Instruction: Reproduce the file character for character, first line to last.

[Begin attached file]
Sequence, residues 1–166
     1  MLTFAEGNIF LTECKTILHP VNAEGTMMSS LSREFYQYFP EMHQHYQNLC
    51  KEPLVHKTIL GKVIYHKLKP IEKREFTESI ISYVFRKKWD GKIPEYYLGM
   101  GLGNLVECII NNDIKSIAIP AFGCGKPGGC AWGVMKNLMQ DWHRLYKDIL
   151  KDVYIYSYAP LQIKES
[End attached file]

Sequence, residues 1–166
     1  MLTFAEGNIF LTECKTILHP VNAEGTMMSS LSREFYQYFP EMHQHYQNLC
    51  KEPLVHKTIL GKVIYHKLKP IEKREFTESI ISYVFRKKWD GKIPEYYLGM
   101  GLGNLVECII NNDIKSIAIP AFGCGKPGGC AWGVMKNLMQ DWHRLYKDIL
   151  KDVYIYSYAP LQIKES